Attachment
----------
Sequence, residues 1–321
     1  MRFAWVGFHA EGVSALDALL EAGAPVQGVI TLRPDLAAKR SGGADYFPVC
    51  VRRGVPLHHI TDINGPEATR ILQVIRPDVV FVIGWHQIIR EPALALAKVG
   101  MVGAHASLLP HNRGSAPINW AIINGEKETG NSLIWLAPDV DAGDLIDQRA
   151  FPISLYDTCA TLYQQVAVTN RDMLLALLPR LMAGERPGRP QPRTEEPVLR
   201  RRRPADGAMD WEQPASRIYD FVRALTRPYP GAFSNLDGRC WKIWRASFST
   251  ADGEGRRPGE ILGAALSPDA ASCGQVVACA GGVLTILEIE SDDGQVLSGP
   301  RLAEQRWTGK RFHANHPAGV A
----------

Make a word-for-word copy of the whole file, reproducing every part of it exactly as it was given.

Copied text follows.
Sequence, residues 1–321
     1  MRFAWVGFHA EGVSALDALL EAGAPVQGVI TLRPDLAAKR SGGADYFPVC
    51  VRRGVPLHHI TDINGPEATR ILQVIRPDVV FVIGWHQIIR EPALALAKVG
   101  MVGAHASLLP HNRGSAPINW AIINGEKETG NSLIWLAPDV DAGDLIDQRA
   151  FPISLYDTCA TLYQQVAVTN RDMLLALLPR LMAGERPGRP QPRTEEPVLR
   201  RRRPADGAMD WEQPASRIYD FVRALTRPYP GAFSNLDGRC WKIWRASFST
   251  ADGEGRRPGE ILGAALSPDA ASCGQVVACA GGVLTILEIE SDDGQVLSGP
   301  RLAEQRWTGK RFHANHPAGV A